Health Policy Happenings, 4.19.19

It’s been a while since I shared some health policy happenings with you all – between spring break and getting caught up with lectures, I haven’t much time to read the news. But, I’ve finally gotten back on track and have some interesting items to share with you to share today! I hope you find something interesting and engaging!

High-Deductible Health Policies Linked To Delayed Diagnosis And Treatment

“Women with low incomes who had high-deductible insurance plans waited an average of 1.6 months longer for diagnostic breast imaging, 2.7 months for first biopsy, 6.6 months for first early-stage breast cancer diagnosis and 8.7 months for first chemotherapy, compared with low-income women with low-deductible plans. In some cases, delays of that length might lead to poorer health outcomes, says J. Frank Wharam, an internist and specialist in insurance and population health, who led the study. More research needs to be done to confirm that, he says.”

Most people pay less than $5 per month for the drug. But some pay $11,002

“The jarring figure comes from a new Janssen website launched recently as part of the broader pharmaceutical industry’s push to disclose some pricing information in its television ads. A broad swath of companies voluntarily agreed to include mention of a website with pricing information in the spots as a response to a far more stringent Trump administration proposal that would have required them to actually include a drug’s sticker price. The final version of that proposal is still pending regulatory review.”

The Coming Obsolescence of Animal Meat

“This meat was what most of the world calls “lab grown,” but what Just, the company that makes the nugget, and other Silicon Valley start-ups want me to call “cultured meat” or “cell-based” meat, or better yet, “clean meat.” The argument is that almost all the food we eat, at some point, crosses a laboratory, whether in the course of researching flavors or perfecting packaging. So it is not fair to single out this particular product as being associated with freaky science.”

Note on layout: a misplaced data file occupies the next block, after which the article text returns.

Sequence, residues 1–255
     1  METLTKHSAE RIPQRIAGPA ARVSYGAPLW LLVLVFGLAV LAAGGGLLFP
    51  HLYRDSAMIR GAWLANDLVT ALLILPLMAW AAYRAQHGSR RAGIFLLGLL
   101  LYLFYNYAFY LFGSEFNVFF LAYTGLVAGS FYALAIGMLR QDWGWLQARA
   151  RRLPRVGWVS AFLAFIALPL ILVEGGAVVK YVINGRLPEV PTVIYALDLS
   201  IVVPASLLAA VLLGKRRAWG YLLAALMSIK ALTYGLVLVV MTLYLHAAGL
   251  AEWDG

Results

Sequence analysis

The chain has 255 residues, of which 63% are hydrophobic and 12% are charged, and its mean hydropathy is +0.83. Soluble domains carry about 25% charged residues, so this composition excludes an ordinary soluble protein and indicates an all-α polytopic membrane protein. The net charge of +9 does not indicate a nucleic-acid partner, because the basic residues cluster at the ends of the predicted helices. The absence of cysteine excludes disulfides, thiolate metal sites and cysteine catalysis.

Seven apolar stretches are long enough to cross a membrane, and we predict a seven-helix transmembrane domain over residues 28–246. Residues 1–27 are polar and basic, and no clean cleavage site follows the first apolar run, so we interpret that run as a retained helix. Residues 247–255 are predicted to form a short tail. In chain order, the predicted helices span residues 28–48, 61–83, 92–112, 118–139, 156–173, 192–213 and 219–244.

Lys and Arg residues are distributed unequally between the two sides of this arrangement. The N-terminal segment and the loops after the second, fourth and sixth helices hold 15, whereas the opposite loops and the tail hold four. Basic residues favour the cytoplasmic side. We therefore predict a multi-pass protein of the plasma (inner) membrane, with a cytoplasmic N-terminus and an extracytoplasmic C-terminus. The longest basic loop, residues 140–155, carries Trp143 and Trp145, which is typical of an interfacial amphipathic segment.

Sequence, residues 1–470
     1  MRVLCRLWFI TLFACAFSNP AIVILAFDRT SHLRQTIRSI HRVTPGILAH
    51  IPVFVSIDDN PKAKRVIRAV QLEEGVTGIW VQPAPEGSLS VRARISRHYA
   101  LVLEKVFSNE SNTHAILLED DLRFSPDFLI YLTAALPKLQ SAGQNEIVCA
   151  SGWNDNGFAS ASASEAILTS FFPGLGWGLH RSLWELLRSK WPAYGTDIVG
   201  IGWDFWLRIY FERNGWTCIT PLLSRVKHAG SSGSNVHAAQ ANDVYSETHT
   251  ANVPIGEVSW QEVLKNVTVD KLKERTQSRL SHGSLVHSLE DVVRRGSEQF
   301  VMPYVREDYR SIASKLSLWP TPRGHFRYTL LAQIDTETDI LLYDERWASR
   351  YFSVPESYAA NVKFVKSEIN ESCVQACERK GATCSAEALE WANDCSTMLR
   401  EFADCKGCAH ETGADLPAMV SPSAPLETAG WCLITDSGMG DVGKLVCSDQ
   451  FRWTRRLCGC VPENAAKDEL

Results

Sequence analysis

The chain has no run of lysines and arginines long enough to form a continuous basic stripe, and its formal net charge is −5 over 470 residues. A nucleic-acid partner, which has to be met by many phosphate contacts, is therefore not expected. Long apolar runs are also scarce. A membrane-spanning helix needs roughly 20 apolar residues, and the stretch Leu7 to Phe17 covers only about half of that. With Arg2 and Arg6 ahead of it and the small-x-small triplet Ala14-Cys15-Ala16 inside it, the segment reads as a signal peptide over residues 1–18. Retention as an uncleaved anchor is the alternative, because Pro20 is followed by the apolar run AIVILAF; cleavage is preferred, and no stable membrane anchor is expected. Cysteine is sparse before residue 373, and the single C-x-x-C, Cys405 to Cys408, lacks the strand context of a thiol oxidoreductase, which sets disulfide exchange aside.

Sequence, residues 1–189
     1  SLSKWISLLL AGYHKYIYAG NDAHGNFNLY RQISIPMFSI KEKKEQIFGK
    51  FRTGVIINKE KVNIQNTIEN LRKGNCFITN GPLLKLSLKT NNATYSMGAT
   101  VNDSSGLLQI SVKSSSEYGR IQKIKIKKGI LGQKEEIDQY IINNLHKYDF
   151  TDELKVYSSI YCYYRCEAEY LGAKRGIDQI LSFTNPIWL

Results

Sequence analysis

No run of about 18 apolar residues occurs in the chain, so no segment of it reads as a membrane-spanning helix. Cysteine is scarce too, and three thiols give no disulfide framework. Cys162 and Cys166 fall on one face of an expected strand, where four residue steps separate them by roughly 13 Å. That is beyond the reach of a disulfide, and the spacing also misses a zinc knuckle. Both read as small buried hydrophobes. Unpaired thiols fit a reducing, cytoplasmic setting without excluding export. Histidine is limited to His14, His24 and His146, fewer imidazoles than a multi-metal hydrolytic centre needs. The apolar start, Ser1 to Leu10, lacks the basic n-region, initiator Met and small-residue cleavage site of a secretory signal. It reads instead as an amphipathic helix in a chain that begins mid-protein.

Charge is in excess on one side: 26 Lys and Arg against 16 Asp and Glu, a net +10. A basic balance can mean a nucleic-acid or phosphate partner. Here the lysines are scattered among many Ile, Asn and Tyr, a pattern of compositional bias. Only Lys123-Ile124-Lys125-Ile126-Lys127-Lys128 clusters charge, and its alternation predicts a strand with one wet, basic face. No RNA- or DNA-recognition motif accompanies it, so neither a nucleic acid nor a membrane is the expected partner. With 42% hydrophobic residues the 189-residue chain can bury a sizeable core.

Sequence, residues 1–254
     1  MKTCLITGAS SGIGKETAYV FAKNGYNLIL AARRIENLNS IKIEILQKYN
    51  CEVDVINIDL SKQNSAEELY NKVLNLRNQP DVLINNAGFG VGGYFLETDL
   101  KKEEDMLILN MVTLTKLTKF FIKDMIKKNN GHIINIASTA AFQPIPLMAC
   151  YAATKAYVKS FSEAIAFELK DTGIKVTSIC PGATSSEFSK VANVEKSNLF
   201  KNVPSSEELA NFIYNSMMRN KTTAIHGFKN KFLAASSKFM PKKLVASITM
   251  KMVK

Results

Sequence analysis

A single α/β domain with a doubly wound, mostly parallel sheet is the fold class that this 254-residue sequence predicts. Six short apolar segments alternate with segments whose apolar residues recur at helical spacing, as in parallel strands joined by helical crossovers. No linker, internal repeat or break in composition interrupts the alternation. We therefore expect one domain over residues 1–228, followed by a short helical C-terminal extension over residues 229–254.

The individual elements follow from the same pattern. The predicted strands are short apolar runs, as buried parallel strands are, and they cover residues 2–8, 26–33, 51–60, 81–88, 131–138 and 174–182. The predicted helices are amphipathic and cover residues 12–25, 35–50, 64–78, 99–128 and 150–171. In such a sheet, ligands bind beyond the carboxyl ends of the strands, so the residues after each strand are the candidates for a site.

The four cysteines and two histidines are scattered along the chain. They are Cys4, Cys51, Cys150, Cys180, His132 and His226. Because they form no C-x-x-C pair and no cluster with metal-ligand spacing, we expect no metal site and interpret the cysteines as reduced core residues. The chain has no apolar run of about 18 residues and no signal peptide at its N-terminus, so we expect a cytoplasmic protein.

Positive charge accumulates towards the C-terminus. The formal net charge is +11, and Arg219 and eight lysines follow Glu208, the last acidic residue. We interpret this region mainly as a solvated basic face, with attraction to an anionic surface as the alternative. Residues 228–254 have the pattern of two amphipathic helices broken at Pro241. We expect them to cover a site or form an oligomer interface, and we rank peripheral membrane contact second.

“Together, the studies confirm a truth that researchers wish more people understood. There are biological reasons that some struggle mightily with their weight and others do not, and the biological impacts often are seen on appetite, not metabolism. People who gain too much weight or fight to stay thin feel hungrier than naturally thin people.”

Gene therapy cures infants suffering from ‘bubble boy’ immune disease

“Ten newborns with the rare genetic disorder known as “bubble boy” disease were cured with gene therapy, researchers revealed Wednesday. The treatment appears to have completely rid the babies of their immune disorder with no side effects or complications — a result scientists have sought for decades through painstaking research and heartbreaking setbacks.”

Liver Illness Strikes Latino Children Like A ‘Silent Tsunami’

“Recent research shows about 1 in 4 people in the U.S. have fatty liver disease. But among Latinos, especially of Mexican and Central American descent, the rate is significantly higher. One large study in Dallas found that 45% of Latinos had fatty livers.”

Kentucky’s Senator McConnell Supports Bill to Raise Minimum Age to Buy Tobacco to 21

“The bill would not only raise the minimum age to buy the products, but it would also order the F.D.A. to speed up work on other measures, including putting graphic health warnings on cigarette packages. Senator McConnell’s bill is a question mark for many tobacco industry watchers. Eric Lindblom, a former F.D.A. tobacco official who is now at the O’Neill Institute at Georgetown Law, wondered how committed Mr. McConnell was to protecting the tobacco control law passed in 2009.”

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